Digital transformation of the transportation industry is underway, with several Big Tech companies already leading the way. Google and Uber are two of the largest upstarts in this space, but other players are also capitalizing on this moment. Tesla Motors is one of these companies, and its self-driving cars have played a key role in making progress toward making our roads safer and more accessible for everyone.

Tesla’s autonomous driving technology has been around since 2010, but it only just began to make an impact. From 2011 to 2013, there was a period of rapid growth for ride-hailing services like Uber and Lyft as they entered new vertical markets and disrupted incumbents. But with Uber now facing both regulatory challenges and an existential crisis, it’s left many startups scrambling to seize opportunities left or right.

Self-driving car technology is also growing at a fast pace. To keep up with demand, especially from smaller businesses looking for safe and reliable vehicles that won’t leave them high and dry when deliveries get difficult or nighttime traffic gets hectic, carmakers are investing significantly in their software development operations as well as hardware partnerships.

Let’s take a look at how self-driving cars have evolved since their conception as far back as the 1990s: from a scary futuristic concept to one of the safest ways to travel today.

The Future of Transportation Is Self-Driving

In his book, “Transportation 2020: Uniting the World’s Drivers, Passengers and Cities,” author and futurist Henrik Svensmark forecast that by the year 2020, driverless cars will be common in “more urban areas than any other type of transport.” With demand for rideshare services rapidly growing across various cities and countries, this means that self-driving cars could see widespread use soon.

Uber has been working on autonomous technology for years and recently rolled it out in Pittsburgh. The world’s first fully autonomous Uber car made its public debut in San Francisco last month.

The Challenges in Implementing Self-Driving Cars

As is the case with any new technology, the biggest hurdle in the path of self-driving cars is perception. Most motorists still don’t recognize the potential benefits of self-driving cars and are more than willing to take a chance and share the road with them. This is particularly concerning when it comes to highways and other divided traffic lanes.

Even today, some drivers are more careful than others, and it’s easy for these organizational habits to transfer over to the road. Even in environments with fully self-driving cars, situations like these cause issues. At the wheel, you’re likely to be more careful and mindful of other traffic, while not paying attention to other road users. As a result, self-driving car scofflaws could pose a danger to other drivers and pedestrians alike.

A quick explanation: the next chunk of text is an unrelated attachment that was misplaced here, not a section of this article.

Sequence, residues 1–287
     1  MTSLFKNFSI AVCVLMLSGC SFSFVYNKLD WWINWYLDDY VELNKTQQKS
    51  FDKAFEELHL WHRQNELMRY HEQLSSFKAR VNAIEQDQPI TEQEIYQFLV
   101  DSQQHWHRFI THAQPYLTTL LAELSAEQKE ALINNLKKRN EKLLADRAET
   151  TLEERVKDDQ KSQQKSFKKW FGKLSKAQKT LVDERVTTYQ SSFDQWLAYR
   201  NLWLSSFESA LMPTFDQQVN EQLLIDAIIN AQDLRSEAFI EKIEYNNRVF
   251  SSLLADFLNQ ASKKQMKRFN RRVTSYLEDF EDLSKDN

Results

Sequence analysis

Tesla’s Decisive Step

Fortunately for all these stakeholders, Tesla has already taken the first step towards achieving mass adoption with the advent of Tesla Autopilot. In preparation for the first drivers to use Tesla Autopilot, the company first released a high-fidelity map of the state of California. This enabled Tesla drivers to predict the path taken by their cars and take evasive maneuvers.

The map also helped them anticipate potential traffic events like merge and cross-traffic lane changes, which reduced drivers’ workload by up to 50%. With Tesla Autopilot, it’s not just highway driving that gets easier. City driving also gets a significant boost, with lane departure warnings being one of the most notable examples.

Key Successful Players in Self-Driving Car Technology

Beyond the big names like Tesla and Uber, there are a number of startups and manufacturers capitalizing on this moment. These companies are either building out their own self-driving fleets or working to bring the technology to market as a supplier. Conda, an Italian firm owned by Google, is the world’s leader in vehicle-to-infrastructure technology and has been called “the Uber of self-driving.” By partnering with automakers, such as Volkswagen to bring approach LEAN-20 technology to the fore, Cabo, a rideshare company based in Spain, is also helping to democratize driverless car technology.

In the realm of AI and machine learning, companies like Google, Facebook, and Amazon are leading the way. These companies have been building out their AI and ML capabilities for years and are now investing in the sorts of tools that will help them achieve further milestones in this area. One of these tools is the AI-assisted software development environment called AI Studio, which has been developed by the AI foundation called The Open Hands Alliance.

Final Words

With self-driving cars now being considered a realistic option by many, it’s important to remember why they were first proposed in the first place. These vehicles could have a big impact on the way we travel, but it’s important to remember that they are still in the early stages of development. The road to safer and more accessible roads will be long and winding, and the road to fully autonomous driving will be even longer. But as we move forward, we can begin to implement the necessary regulations and set the stage for an impactful change in the way we travel.

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